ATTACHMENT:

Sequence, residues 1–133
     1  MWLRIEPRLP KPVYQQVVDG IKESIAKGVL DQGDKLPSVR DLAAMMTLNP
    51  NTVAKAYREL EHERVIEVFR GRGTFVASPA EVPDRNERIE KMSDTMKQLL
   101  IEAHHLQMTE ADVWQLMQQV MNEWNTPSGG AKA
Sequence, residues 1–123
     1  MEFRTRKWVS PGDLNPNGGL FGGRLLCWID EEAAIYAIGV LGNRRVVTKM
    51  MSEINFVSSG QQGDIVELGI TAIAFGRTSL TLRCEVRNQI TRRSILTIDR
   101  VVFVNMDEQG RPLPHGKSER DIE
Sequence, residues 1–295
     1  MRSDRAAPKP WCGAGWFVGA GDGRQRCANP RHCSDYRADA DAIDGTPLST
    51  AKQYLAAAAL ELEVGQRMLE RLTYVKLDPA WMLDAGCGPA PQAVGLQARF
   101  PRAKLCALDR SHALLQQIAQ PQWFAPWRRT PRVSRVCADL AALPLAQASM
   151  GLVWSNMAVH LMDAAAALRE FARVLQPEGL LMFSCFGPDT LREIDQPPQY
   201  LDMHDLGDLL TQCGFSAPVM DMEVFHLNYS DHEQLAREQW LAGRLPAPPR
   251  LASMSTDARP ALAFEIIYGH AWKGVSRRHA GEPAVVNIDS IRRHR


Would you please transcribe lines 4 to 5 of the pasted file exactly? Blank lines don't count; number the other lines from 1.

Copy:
   101  IEAHHLQMTE ADVWQLMQQV MNEWNTPSGG AKA
Sequence, residues 1–123